Evaluation of the Atlantic Immigration Pilot

Research and Evaluation Branch
Immigration, Refugees and Citizenship Canada
Project reference number: E2-2019

October 2020

Executive summary

Purpose of the Evaluation

This report presents Immigration, Refugee and Citizenship Canada’s (IRCC) findings of the evaluation of Atlantic Immigration Pilot (AIP). The evaluation was conducted to assess the early implementation and outcomes of the Pilot, report on the results story to date, as well as provide evidence to support its future directions.

The evaluation covered the period from AIP’s implementation in March 2017 to the end of fiscal year (FY) 2019–2020.

Overview of the Atlantic Immigration Pilot

Launched as part of the Atlantic Growth Strategy, the AIP supports Atlantic Provinces in meeting specific labour market demands by giving businesses the ability to fill job vacancies quickly using permanent immigration programs.

To ensure the long-term retention and integration of newcomers, the Pilot was developed around three unique features, which include: an employer-driven model, settlement requirements for applicants, and multi-party governance with a variety of stakeholders. Designed with a collaborative approach, the Pilot is delivered by IRCC, Atlantic Provinces, the Atlantic Canada Opportunities Agency (ACOA), federally-funded and provincially-funded service provider organizations (SPOs), and employers.

As of December 2019, 5,590 AIP newcomers arrived to the Atlantic Provinces, with 45% of AIP newcomers destined to New Brunswick, 34% to Nova Scotia, 10% to Prince Edward Island, and 10% to Newfoundland and Labrador. Over the Pilot’s three year period, almost three-quarters (73%) arrived in Canada in 2019. Of the AIP principal applicants that have arrived in Canada, almost half (46%) were employed in the National Occupation Classification (NOC) B, and 36% were NOC C.

IRCC began to take the necessary steps to make the AIP a permanent program in December 2019.

Evaluation findings

Overall, the expected outcomes for the Pilot are being met. The AIP is helping employers in Atlantic Canada fill labour market needs, particularly in technical occupations and skilled trades (NOC B) and intermediate level occupations (NOC C).

A large majority of surveyed AIP principal applicants reported working, and AIP employment earnings are comparable with the regional average of Atlantic Canada. While minor differences were noted by AIP stream, gender and province, the most noticeable difference in earnings were by NOC skill level, with NOC 0 occupations self-reporting the lowest average employment earnings among AIP principal applicants.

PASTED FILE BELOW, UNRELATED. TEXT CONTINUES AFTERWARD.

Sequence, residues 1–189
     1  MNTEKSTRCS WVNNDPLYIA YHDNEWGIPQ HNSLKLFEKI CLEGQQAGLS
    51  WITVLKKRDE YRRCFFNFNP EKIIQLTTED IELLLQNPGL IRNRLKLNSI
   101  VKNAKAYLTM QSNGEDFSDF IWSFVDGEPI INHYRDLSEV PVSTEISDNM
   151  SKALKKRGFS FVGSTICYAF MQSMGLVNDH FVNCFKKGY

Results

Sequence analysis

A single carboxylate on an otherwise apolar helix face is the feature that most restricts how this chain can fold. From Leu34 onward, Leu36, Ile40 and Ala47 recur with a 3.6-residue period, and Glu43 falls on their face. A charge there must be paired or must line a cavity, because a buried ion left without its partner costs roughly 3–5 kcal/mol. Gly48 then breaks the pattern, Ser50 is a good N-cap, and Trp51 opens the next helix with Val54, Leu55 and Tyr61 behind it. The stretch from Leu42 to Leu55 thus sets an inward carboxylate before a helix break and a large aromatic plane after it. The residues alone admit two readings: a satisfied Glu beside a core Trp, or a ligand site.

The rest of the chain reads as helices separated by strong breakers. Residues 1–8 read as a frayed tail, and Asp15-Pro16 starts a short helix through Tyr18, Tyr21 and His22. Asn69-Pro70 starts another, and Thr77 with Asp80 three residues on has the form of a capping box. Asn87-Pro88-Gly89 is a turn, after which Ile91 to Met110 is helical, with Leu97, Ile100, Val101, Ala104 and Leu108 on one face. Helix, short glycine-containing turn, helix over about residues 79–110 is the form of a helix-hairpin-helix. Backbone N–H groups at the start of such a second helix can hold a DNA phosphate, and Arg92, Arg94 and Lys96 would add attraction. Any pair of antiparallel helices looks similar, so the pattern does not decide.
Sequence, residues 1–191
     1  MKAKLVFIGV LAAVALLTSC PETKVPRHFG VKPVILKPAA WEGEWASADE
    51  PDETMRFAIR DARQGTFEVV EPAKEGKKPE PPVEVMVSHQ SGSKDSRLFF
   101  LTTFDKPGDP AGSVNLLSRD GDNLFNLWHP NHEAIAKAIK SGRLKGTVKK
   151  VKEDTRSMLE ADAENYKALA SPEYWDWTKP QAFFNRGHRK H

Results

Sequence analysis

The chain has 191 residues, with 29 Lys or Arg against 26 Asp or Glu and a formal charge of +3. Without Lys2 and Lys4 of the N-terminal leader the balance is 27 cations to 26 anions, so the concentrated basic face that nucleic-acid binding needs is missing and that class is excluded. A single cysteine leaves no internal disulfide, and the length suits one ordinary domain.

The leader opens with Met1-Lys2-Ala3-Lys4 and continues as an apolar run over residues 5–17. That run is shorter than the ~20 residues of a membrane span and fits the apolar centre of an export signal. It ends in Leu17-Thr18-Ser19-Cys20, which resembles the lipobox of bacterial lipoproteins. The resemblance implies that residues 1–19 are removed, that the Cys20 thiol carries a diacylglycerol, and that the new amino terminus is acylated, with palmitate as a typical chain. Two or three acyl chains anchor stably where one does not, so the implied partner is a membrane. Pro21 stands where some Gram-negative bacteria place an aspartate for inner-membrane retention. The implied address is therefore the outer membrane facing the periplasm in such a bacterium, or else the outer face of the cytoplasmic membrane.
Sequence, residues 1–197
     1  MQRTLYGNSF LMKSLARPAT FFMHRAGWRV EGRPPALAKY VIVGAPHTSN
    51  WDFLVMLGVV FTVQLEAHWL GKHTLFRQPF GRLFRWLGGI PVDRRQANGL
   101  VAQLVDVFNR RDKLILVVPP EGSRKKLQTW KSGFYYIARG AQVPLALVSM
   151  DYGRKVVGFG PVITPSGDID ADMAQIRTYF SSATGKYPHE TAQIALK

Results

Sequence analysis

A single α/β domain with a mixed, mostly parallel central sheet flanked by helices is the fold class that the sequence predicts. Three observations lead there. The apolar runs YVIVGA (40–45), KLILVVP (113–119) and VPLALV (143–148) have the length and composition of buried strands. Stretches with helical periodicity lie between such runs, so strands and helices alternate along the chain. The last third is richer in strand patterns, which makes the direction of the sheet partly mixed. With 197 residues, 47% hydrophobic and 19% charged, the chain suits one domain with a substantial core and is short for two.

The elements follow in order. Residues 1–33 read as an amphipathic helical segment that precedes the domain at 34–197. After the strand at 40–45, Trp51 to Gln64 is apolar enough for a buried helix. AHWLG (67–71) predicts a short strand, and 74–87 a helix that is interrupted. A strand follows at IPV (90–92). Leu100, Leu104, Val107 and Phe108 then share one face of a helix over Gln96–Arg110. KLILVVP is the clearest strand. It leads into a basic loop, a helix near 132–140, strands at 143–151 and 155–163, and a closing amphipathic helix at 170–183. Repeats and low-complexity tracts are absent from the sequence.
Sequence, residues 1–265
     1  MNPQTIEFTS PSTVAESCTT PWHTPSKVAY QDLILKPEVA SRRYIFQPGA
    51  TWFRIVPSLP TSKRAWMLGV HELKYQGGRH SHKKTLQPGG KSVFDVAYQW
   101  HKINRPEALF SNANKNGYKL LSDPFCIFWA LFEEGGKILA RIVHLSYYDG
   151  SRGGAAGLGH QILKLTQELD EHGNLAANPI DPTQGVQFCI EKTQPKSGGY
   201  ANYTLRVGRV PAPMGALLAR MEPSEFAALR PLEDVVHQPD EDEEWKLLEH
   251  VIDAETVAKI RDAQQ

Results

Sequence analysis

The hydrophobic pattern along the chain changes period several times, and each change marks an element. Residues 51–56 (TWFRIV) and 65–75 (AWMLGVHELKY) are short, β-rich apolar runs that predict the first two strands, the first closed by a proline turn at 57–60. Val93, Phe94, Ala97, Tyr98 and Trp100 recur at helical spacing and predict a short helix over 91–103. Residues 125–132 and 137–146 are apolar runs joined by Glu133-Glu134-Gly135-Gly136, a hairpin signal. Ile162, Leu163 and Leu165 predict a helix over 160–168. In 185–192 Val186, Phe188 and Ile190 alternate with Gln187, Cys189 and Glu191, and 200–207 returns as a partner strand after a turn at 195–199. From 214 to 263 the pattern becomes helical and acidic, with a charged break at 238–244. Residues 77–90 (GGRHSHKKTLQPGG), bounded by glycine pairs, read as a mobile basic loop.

A large proportion of AIP principal applicants reported working for their designated employer at the time of the survey, and a portion of those who changed employers were still working in the same province. Furthermore, a majority of AIP newcomers continue to live in Atlantic Canada after their first year, and early evidence indicates that AIP has a higher retention rate than other economic programs in Atlantic Canada.

The evaluation found settlement plans to be helpful in meeting the settlement and integration needs of a large majority of surveyed AIP principal applicants. However, many surveyed AIP principal applicants were unaware they could access settlement services free of charge. In addition, a majority of employers reported that their organization provided settlement supports to their AIP employees.

The Dedicated Service Channel (DSC) was perceived as a valuable resource for employers who accessed its services, and was identified as a way to make IRCC accessible to employers. However, more than half of surveyed AIP employers were not aware of the DSC and its services.

While the multi-party model has created new partnerships for delivering the AIP, there have been challenges in meeting of reporting requirements, and timely communication of operational changes. In addition, the diffused accountability between IRCC and Atlantic Provinces has contributed to a lack of clarity regarding roles and responsibilities for AIP integrity.

Conclusions and recommendations